So, how would business management principles play into running a church and managing a church staff?

Drucker was very quick to observe that larger churches would be criticized for appearing too market-driven. He took care to point out to this group of pastors that “The function of management in a church is to make the church more church-like, not to make it more business-like.”

In becoming more “church-like,” the pastor would steer the church back to the very heart of its mission: to serve individuals and communities, to understand their needs and care for their souls.

“He [Drucker] would understood the tendency for institutions to gradually exist for themselves and exhorted these men to never forget their true calling,” said Buford.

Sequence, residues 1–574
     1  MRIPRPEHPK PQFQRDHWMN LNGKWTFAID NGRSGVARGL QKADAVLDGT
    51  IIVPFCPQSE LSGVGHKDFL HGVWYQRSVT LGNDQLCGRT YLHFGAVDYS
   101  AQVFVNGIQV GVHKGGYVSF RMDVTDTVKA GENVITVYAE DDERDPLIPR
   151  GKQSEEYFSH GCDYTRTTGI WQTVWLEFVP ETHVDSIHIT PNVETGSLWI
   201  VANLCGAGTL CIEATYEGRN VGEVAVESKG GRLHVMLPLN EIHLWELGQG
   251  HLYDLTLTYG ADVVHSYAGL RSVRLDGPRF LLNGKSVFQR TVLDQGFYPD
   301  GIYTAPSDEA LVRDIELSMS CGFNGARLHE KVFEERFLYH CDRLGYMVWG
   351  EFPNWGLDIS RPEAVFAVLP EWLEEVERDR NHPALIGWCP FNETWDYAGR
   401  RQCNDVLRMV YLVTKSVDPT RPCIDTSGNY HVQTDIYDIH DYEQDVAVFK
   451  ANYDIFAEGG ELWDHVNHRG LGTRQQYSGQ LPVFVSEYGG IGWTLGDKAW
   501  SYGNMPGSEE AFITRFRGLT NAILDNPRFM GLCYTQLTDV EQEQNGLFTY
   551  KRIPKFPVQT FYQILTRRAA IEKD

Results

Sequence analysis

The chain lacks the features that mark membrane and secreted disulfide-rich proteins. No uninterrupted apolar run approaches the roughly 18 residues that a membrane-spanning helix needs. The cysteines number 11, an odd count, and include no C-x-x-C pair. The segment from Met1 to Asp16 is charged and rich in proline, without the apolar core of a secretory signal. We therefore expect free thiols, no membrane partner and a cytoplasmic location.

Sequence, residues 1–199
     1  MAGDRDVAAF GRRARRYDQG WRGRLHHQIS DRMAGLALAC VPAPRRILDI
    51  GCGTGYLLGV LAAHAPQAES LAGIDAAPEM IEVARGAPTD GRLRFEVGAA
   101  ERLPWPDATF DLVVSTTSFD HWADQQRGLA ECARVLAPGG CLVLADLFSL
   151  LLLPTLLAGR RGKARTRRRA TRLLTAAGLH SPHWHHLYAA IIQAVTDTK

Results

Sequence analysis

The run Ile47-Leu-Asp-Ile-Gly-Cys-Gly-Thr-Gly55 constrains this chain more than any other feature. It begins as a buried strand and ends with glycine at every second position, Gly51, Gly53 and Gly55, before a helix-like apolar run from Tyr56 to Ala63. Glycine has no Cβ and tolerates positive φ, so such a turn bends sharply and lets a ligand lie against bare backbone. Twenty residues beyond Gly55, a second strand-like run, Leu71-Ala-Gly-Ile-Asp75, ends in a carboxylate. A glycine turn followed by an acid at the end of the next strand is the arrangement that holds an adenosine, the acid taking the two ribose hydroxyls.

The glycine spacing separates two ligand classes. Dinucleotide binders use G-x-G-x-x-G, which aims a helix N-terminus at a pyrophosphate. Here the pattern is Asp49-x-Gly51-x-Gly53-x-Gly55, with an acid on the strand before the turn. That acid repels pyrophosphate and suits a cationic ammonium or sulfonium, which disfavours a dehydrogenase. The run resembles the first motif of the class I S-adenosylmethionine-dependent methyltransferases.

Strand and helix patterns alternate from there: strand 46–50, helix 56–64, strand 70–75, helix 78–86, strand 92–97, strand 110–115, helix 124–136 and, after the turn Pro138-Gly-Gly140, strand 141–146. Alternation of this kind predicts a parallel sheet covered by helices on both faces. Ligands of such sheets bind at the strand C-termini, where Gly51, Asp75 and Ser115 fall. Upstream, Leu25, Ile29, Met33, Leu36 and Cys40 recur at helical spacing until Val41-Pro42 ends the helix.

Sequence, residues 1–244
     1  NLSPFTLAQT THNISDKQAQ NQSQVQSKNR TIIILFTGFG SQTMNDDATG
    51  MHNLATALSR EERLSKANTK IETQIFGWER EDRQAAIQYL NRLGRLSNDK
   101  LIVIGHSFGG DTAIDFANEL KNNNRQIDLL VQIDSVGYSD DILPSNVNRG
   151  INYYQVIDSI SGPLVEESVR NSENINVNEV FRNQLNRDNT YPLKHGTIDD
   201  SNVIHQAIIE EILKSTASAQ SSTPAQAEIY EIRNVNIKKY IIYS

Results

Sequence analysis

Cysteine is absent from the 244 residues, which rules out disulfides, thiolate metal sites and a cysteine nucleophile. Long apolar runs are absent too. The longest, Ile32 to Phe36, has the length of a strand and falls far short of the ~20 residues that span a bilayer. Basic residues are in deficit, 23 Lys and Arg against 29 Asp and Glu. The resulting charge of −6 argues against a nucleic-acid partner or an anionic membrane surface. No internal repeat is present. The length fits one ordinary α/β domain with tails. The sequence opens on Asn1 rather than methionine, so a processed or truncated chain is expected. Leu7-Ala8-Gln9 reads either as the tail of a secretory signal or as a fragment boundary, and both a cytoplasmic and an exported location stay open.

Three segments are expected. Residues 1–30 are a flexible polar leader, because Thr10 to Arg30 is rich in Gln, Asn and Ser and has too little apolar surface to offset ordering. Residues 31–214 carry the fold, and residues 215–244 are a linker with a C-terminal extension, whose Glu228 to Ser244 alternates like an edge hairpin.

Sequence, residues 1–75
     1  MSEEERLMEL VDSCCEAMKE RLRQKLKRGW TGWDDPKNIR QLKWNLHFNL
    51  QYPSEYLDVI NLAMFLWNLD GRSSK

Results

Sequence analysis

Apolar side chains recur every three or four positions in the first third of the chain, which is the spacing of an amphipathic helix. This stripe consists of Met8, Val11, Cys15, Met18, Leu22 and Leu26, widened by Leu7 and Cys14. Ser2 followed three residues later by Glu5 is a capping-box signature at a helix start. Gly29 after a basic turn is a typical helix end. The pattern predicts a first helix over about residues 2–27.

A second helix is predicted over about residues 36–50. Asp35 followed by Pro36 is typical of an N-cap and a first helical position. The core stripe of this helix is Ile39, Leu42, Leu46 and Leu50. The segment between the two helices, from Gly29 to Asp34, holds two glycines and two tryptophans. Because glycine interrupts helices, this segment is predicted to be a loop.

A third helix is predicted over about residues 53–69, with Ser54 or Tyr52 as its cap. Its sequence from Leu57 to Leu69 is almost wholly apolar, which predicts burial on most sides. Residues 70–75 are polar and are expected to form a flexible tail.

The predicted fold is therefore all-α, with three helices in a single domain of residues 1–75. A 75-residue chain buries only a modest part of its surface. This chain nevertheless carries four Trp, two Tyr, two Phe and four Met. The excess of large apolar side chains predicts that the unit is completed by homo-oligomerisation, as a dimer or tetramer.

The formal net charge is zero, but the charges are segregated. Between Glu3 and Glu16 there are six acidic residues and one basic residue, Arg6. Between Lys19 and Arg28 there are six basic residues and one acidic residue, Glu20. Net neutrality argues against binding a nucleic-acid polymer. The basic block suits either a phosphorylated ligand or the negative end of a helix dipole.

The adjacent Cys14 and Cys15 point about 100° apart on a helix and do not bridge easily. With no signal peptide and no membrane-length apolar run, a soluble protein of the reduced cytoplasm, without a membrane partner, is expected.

Even still, there is easily overlooked “business” to be done when it comes to leading a church.

“For example, a lot of pastors, when surveyed, didn’t know how to identify talent for their staffs, fire people, or deal with practical issues rather than theoretical ones,” Buford explained.

“And that’s what the Leadership Network has done—given them the tools they need to be able to do these things effectively while contributing to a fully functional society.”

Read more about the friendship between Peter Drucker and Bob Buford in Drucker & Me: What a Texas Entrepreneur Learned from the Father of Modern Management. This book will give readers a deeper look at the partnership that changed the face of nonprofit organizations, and glean practical management—and life—advice from Drucker as it was passed on to Buford.

Joy Allmond is a writer based in Charlotte, N.C., where she lives with her husband, two teenage stepsons and two dogs. Follow her on Twitter @joyallmond.

Publication date: April 22, 2014